Bamboo needles are really having a heyday, and I must admit, I am an avid supporter of bamboo needles. For instance, bamboo replenishes itself quicker that other trees, so I don’t feel as though I am damaging the environment as much. They also allow for quick knitting, but without the tendency to drop stitches like aluminum needles do. They are also a lot easier on your hands than aluminum needles, which can be especially helpful if you are a knitter with arthritis or carpal tunnel. On the other hand, they can be a bit more susceptible to breaking, though bamboo is highly sturdy and dependable. Also, dogs are very prone to chewing on them, and that is one test they do not endure well (Ask my size 8s…).  When you go to buy bamboo needles, ask yourself these questions:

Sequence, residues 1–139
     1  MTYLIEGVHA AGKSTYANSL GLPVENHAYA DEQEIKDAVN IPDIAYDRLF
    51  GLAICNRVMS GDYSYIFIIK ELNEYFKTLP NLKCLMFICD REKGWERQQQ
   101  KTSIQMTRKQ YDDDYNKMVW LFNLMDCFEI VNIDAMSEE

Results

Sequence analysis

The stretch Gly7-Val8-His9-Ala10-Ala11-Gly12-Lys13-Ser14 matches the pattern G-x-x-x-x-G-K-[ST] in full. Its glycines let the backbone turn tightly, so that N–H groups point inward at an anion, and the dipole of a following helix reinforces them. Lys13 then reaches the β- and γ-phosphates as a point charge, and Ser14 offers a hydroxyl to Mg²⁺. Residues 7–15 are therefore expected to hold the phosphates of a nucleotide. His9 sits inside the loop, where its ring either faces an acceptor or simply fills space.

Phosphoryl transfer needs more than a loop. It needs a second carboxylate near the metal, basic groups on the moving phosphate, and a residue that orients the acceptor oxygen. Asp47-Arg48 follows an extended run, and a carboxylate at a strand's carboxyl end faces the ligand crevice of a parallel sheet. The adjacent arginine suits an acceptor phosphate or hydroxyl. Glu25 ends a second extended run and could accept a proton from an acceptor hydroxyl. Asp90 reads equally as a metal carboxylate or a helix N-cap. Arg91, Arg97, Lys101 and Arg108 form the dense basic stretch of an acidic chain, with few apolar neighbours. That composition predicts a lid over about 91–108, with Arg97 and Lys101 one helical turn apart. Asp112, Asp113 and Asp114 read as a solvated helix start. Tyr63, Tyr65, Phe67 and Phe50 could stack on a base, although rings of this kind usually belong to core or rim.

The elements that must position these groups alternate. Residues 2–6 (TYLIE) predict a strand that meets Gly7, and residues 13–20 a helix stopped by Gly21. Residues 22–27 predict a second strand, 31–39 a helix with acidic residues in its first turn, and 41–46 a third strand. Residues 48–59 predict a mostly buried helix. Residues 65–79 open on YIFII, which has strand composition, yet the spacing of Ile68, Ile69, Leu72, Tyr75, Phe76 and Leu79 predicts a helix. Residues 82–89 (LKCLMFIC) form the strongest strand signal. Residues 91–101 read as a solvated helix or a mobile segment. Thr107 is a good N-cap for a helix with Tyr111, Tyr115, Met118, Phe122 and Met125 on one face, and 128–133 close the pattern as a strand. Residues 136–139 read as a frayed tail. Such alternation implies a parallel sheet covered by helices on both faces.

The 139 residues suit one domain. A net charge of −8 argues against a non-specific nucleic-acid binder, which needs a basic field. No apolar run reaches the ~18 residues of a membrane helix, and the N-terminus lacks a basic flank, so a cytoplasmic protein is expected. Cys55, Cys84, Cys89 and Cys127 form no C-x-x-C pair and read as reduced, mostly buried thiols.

• Is this a respected and reliable brand?
  • Is this something I can keep out of my pets reach?
  • Is this brand an environmentally friendly choice?

Some helpful, general tips:

  • Never buy needles you question before your project is cast on.
  • Lowest price does not always mean lowest quality, and highest price certainly doesn’t mean highest quality.
  • Don’t buy needles based solely someone else’s opinion or your own opinion. Always follow instinct, but don’t always allow your instinct to be driven by trends.
  • Remember that needles are not only a financial investment, but an investment in your project. How can you expect a quality finished object if you are not using quality needles?
  • Remember to always check gauge and length, whether the set is straight or circular.

Happy knitting!